Counties are in a unique position to boost the industrialisation of our country if they leverage their diversity in natural resources and skills and if they use the novelty of devolution to set the pace for healthy competitive practices to attract investment.
The original excitement in devolution has now given way to anxiety about the sustainability of county governments.
Many of them are questioning their ability to stand on their own and establishing themselves as economic power houses.
How innovatively can they raise revenue to complement the Commission on Revenue Allocation’s contribution?
One of the main visions of devolution was to ensure that all regions benefit equally from improved economic conditions.
The structures to achieve this were to be mapped upon the unique features of each county.
This means that county governments can be the architects of demand and supply for their regions to be competitive based on their strong attributes and resources.
Meru County has set the pace with the establishment of a cancer centre, while Machakos is dedicated to renovating public amenities and investing it youth programmes to attract investors.
Constitutionally, the national government is required to provide not less than 15 per cent of the last audited and approved national accounts.
Therefore, counties have to find sustainable ways to engage the national government and industry to realise their potential.
One of the ways to increase revenue is to roll out public-private partnerships.
County consultative forums should involve industry in their decision-making.
While creating an enabling business environment, it will be important to include regulatory impact assessments into their legislative process to ensure regulatory rigour and consistency across the national and county governments, as well as policy-making based on assessment of costs and benefits.
They will take into account the fact that some measures, although superficially beneficial to their communities, will end up driving up the cost of doing business, thereby making their counties uncompetitive.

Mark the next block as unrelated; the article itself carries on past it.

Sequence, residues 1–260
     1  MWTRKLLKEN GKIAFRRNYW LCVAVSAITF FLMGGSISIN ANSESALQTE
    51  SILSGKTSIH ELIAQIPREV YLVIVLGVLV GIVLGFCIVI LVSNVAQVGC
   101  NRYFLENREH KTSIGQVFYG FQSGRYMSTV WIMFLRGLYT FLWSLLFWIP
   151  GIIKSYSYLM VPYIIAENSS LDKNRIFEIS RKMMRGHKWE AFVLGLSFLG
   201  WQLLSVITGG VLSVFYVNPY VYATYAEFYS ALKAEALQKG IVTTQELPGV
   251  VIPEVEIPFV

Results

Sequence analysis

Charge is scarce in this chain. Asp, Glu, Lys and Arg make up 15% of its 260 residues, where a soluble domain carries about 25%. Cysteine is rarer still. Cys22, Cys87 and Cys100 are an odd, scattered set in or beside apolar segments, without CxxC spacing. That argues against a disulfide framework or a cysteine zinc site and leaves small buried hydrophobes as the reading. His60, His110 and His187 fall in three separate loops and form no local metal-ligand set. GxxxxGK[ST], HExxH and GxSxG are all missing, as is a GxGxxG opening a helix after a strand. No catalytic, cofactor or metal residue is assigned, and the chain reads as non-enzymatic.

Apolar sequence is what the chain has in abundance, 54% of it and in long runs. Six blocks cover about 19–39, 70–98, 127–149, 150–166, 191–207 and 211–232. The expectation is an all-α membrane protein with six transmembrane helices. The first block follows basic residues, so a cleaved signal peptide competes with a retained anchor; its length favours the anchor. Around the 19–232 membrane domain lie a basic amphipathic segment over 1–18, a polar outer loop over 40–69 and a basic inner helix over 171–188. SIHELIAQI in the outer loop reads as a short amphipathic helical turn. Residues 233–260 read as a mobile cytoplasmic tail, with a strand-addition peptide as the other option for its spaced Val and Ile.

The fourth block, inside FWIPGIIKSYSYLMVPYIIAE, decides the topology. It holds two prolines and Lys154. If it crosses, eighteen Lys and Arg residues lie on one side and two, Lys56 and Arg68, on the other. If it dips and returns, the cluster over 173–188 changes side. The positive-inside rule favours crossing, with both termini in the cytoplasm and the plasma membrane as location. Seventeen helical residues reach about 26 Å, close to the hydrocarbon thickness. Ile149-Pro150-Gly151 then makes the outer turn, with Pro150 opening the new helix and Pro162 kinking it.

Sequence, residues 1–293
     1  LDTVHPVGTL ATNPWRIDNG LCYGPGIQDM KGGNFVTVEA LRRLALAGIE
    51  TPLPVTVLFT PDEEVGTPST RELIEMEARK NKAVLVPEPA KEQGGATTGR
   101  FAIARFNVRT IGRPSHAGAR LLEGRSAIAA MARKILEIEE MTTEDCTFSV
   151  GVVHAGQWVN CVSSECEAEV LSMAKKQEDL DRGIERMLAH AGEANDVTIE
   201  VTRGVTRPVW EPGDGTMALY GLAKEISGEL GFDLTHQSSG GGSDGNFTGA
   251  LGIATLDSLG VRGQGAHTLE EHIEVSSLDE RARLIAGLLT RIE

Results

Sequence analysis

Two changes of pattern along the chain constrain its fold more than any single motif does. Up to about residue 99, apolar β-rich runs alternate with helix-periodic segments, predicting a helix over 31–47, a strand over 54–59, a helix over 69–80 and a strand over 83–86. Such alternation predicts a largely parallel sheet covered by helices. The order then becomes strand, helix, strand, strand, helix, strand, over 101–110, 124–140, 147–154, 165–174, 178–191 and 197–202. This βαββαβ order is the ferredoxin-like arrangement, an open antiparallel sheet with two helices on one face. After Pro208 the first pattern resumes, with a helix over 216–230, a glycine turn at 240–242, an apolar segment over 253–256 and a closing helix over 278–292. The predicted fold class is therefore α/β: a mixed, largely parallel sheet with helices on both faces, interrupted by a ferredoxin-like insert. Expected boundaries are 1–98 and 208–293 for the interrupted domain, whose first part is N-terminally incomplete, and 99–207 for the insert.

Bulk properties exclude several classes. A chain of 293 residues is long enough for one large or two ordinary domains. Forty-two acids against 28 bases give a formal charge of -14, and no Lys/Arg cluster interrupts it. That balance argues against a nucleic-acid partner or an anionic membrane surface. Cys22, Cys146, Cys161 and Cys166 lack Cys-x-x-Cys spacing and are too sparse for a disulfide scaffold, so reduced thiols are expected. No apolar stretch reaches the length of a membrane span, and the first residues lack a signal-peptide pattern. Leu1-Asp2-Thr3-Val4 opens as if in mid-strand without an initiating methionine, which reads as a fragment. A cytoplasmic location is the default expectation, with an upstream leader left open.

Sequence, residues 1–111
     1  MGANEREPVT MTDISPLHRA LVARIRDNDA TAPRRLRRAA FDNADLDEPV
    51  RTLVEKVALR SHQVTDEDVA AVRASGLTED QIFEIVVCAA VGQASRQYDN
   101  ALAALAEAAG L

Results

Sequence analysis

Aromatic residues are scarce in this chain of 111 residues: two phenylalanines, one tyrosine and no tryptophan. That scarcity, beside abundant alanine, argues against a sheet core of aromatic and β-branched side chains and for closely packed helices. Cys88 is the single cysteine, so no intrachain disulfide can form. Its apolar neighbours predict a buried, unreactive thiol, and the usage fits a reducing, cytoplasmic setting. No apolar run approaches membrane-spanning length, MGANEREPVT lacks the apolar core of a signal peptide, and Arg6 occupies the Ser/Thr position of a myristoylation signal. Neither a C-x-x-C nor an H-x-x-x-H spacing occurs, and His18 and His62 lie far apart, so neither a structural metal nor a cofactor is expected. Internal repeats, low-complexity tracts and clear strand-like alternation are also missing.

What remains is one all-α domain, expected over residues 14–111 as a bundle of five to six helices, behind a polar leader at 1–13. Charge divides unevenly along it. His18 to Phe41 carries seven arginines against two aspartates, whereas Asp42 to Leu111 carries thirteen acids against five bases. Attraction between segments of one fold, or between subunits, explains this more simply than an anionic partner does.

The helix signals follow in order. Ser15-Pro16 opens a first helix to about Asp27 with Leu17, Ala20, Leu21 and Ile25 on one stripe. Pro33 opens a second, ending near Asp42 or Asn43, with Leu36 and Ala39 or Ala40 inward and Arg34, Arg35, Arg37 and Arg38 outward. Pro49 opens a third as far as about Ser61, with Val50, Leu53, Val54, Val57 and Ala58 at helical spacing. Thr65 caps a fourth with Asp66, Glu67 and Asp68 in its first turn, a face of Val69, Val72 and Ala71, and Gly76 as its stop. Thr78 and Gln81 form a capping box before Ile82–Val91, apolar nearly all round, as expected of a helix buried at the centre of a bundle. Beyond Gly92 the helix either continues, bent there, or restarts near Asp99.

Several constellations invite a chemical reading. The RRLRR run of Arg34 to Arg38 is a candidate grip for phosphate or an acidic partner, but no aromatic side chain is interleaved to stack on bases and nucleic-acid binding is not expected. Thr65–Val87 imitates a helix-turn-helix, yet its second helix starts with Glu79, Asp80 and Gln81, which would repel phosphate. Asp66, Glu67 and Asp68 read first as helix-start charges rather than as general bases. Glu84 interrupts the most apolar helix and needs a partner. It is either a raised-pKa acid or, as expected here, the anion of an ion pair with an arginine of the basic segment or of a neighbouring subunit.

Frequently changing regulatory framework may foster investment uncertainty, complicating the conducting of business across counties.
The result could be the “balkanisation” of the regulation of business across the 47 counties.
It will also lower foreign direct investment and encourage the manipulation of the market by those with better knowledge of local processes/structures, thus opening the way to unfair competition.
Counties are also favourably positioned to lead the Buy Kenya, Build Kenya initiative to amplify the skills and resources within their boundaries.
Instilling a sense of national pride in the quality of our local production and capacity to meet the demands of our population will encourage the growth of industry.
KENYA'S BUSINESS ENVIRONMENT
From a national perspective, great strides have been made in the effort to make Kenya’s business environment more competitive.
These include the launch of the Kenya Industrial Transformation Programme, the Special Economic Zones Act 2015, the enactment of the Companies Act 2015, the Insolvency Act 2015, and the Business Registration Act 2015.
Clearly, there is political will to establish Kenya as a stable and investor-worthy business environment.
There is a need for strong structures at the county level to replicate these efforts to open up regions to business with the aim of uplifting the overall living standards of Kenyans in all the regions.
Increase in trade and investment provides access to markets across the country and eventually the East African Community region.
If counties establish fair rules of trading with one another, strong value chains will be created, benefiting all, from producers to end-users. Also, the upsurge in investment would mean improved quality of goods.
The future of our country’s economic stability lies in the diversity of the 47 counties. That is if we put in the time and effort to harness it.
The writer is the vice-chairperson of the Kenya Association of Manufacturers. [email protected]